Last week, Nature Biotechnology published a report voicing thoughts from leading researchers, ethicists and business leaders from across the world on the genetic engineering of human cells using the latest gene-editing technology, the CRISPR-Cas9 system. Given the speed at which publications are appearing that showcase the technology’s potential, is science at a point where international discourse is now required to decide how the technology may be used? A similar conference was held back in 1975, the Asilomar Conference on Recombinant DNA, where leaders in the field gathered to discuss the potential challenges of biotechnology, the effects of which remain in decent standing today. In the Nature report, experts spoke of the “unparalleled potential for modifying human and nonhuman genomes,” to treat genetic conditions in humans and to “reshape the biosphere.”
CRISPRs (clustered regularly interspaced short palindromic repeats), pronounced “crispers”, are considered a breakthrough. They are small segments of prokaryotic DNA (bacteria and archaea) containing short, repeated sequences. Since 2013, the CRISPR-Cas9 system has been used to alter the genomes of a number of species. What appears to make the system so attractive to researchers is its ease, high efficiency and versatility. In other words, it may be applied to almost anything, which is why researchers appear so eager to capitalise on these advantages. Ultimately, most research facilities aim to develop a library of CRISPRs that may be used to target any sequence in an organism’s genome.
When asked if the current advances in gene editing meant that germline engineering is inevitable, some of the responses were:
Annelien Bredenoord, an Associate Professor of Medical Ethics at UMC Utrecht in the Netherlands: “I prefer [to stay away from] the word ‘inevitable’, because in the end it [may] be a consequence of human decision-making. I am inclined to say that inheritable genetic modification is on the horizon, [however] perhaps the first application of germ-line modification [might] involve [something other than] gene editing techniques by mitochondrial gene transfer.”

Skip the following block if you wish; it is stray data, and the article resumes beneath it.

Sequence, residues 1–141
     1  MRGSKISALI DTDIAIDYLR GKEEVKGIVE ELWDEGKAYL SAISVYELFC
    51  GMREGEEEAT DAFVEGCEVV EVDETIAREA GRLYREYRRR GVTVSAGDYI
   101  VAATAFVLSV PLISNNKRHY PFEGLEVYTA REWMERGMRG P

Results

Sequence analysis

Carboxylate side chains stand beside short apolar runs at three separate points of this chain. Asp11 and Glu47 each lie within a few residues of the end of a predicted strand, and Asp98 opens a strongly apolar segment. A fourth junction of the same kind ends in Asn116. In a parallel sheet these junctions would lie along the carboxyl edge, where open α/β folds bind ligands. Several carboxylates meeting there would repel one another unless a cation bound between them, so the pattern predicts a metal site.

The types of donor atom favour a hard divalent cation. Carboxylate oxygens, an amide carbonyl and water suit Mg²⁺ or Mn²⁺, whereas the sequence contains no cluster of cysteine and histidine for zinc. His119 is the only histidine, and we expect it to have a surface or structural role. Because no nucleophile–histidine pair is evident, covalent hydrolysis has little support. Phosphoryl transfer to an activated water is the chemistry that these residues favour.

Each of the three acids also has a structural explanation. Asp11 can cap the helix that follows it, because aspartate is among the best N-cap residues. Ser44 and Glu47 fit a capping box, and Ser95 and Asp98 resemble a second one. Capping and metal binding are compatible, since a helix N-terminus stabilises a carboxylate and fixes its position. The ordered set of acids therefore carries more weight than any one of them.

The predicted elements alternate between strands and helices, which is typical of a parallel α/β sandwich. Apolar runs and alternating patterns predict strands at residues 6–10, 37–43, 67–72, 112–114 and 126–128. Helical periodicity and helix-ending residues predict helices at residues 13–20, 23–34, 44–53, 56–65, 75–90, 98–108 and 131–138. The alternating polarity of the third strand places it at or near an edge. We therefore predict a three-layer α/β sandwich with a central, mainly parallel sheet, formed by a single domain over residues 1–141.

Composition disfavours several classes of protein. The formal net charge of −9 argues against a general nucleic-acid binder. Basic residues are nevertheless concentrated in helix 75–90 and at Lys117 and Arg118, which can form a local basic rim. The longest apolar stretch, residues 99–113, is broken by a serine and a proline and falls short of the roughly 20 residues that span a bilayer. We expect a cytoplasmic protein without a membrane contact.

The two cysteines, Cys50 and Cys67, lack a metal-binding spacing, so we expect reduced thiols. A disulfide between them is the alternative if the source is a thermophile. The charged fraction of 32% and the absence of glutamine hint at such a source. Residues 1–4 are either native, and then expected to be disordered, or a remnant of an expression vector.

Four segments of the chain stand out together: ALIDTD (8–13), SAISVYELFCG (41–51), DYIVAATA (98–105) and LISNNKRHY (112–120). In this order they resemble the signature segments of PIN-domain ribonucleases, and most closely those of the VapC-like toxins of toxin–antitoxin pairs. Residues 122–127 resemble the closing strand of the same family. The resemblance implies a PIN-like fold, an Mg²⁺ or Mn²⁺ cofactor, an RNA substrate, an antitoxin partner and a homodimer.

Katrine Bosley, CEO of Avila Therapeutics and voted one of the ‘Top 10 Women in Biotech’: “I have confidence we [may] address it carefully and thoughtfully, the fact that this dialogue is emerging so early in the life of this technology shows that the scientific community sees the implications and… the importance of broadening the dialogue beyond the people working in the field and indeed beyond scientists and clinicians.”
The panel was also interviewed about the societal effects of using CRISPR to edit the human genome:
Luigi Naldini, Professor of Cell and Tissue Biology at the San Raffaele Scientific Institute and President of the European Society of Gene and Cell Therapy: “The main current societal [challenge] is … an exaggerated but potentially pervasive view that gene editing technologies [might] lead to science-fiction scenarios in which humans are bred upon design leading to a whole array of unanticipated effects… which may inhibit their full exploitation for… more fruitful applications in somatic gene therapy, biotechnology and biomedical research.”
Recent reports have established its potential for treating inherited conditions and have evidenced that it might even be used to cure HIV and cancer. Some scientists also claim that the technology might be capable of increasing the global food supply and overcoming world hunger.
In April 2015, researchers in China used human embryos to show that CRISPR may be used to cure beta thalassemia, publishing their results in Protein & Cell. When an author of the paper was asked about CRISPR’s clinical readiness, the response was in agreement with most experts featured in Nature’s report, and it too encourages wider deliberation: “If you want to do it in normal embryos, you need to be close to 100%… That’s why we [halted]. We still think it’s too [young].”
There may remain a great deal to be understood about CRISPR before it may be used in the clinic, including its safety and the use of human germ cells in labs. There are still individuals in the medical field working on predicting the off-target side effects of using such a system on human embryos. Intriguingly though, new research may bring new questions and reveal areas with the greatest potential for research and eventually bring the technology into the clinic where it might be used safely to treat many genetic conditions.
How might germline engineering of human cells be used for scientific research?